After packing up and leaving base camp, we were dropped off in the backcountry after a rather interesting bus ride/airline flight. Thankfully, we managed to rid our bus of the highly intelligent mini-bears who were duct-taped to the bottom of the bus. This ensured that they would not create a race of super-intelligent mini-bears who would take over the world.
Anyway, after being dropped off, we were taught a few more orienteering skills by our fearless guide Tony Rella from Indiana. After our learning session we set off on our trek and promptly took a wrong turn. We quickly corrected our course and made it quickly to the Rayado River campsite, albeit with a few quick stops. There we spent most of the morning learning the ropes of Philmont-style backpacking, including bear-bag hanging and packing, bear attraction prevention, and a variety of other essential knowledge skills.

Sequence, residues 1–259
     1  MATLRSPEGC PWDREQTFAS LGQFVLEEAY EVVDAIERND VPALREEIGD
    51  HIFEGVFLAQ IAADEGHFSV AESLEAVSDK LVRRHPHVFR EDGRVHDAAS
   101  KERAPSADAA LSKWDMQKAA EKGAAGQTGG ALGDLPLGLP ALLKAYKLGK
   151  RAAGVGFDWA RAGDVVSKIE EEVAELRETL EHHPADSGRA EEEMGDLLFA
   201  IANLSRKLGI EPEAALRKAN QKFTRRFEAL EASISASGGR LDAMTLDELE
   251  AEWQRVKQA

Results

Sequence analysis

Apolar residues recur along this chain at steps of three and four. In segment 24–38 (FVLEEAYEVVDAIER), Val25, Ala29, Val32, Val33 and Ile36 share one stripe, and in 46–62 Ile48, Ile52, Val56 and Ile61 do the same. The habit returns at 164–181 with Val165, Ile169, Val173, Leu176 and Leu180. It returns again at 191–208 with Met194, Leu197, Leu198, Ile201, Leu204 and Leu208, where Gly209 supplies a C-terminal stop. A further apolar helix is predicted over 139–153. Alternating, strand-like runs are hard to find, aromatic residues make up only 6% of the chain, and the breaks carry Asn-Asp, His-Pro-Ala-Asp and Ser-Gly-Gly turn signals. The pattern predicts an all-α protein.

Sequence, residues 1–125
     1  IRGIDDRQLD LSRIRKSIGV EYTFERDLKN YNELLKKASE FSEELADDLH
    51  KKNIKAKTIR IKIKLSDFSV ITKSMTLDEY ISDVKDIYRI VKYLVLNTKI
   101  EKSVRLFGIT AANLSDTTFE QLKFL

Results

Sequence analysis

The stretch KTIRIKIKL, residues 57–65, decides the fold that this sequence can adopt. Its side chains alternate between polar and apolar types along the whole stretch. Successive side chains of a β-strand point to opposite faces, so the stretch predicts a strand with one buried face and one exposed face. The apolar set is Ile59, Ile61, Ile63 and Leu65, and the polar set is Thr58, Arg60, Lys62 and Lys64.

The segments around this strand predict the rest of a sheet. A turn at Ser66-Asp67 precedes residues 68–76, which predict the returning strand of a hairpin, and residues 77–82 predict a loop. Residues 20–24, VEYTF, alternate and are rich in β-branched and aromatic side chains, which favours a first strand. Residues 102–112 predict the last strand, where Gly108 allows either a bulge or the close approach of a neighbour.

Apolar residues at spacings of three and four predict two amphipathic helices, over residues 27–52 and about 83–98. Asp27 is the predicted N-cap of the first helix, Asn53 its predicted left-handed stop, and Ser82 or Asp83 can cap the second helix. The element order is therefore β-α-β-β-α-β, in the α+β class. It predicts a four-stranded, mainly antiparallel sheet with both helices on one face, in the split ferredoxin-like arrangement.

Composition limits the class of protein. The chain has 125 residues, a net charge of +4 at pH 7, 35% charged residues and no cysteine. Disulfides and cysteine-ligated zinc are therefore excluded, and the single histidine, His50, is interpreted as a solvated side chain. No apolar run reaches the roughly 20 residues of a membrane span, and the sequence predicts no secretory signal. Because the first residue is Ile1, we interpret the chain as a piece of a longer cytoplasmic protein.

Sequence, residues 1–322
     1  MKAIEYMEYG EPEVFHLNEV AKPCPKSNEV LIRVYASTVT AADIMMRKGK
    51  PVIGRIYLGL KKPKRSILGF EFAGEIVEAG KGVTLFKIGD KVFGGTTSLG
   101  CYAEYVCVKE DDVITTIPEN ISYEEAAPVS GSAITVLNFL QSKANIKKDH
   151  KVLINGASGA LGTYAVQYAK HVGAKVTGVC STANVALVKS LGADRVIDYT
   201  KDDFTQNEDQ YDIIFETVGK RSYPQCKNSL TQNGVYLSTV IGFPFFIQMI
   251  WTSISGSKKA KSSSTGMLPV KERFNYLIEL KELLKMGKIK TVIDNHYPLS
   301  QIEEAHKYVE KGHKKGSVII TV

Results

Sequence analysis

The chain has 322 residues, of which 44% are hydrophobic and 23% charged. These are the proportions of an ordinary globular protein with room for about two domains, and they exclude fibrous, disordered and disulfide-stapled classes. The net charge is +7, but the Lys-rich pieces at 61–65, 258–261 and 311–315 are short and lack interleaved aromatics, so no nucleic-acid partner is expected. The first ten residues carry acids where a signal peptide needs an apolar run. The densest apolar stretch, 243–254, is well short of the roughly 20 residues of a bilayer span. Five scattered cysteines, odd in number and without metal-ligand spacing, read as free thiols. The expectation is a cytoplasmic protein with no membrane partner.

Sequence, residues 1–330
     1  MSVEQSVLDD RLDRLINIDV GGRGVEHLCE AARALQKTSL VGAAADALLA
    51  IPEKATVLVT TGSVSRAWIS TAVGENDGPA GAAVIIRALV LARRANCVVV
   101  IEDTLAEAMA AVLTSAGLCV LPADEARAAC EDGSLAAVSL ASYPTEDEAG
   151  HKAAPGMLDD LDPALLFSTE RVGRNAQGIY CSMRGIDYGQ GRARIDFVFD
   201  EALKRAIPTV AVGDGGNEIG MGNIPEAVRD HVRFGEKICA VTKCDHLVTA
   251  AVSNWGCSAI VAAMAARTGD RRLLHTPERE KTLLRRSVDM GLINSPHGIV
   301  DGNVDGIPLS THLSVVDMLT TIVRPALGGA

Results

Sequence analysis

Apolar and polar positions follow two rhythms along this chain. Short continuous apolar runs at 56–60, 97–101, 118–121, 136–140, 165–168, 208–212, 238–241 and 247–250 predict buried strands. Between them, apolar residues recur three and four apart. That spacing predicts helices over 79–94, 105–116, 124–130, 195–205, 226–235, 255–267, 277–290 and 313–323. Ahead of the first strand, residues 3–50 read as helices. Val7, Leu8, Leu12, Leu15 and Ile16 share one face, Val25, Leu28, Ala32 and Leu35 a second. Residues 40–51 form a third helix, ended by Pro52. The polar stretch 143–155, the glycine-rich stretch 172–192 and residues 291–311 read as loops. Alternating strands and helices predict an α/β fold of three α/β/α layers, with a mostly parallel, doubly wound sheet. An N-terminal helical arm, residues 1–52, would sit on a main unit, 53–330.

After lunch we decided to make a quick trek to the Abreu campsite where we had soft drinks and went through a very informative program called, “The Philmont Story.” We learned some background information on the acquisition of the land and about some of the people who lived at Philmont.
After hiking back to camp, we ate supper and learned more essential Philmont knowledge. A short but inspiring chapel service was led by Kendal. It was a very informal service as Mr. Ellis came halfway clean and halfway clothed. Afterwards we hung the bear bags and had a “Thorns and Roses” discussion where we all stated our likes and dislikes about the day. It was a very good day, and you could tell that everyone was looking forward to the rest of the trek.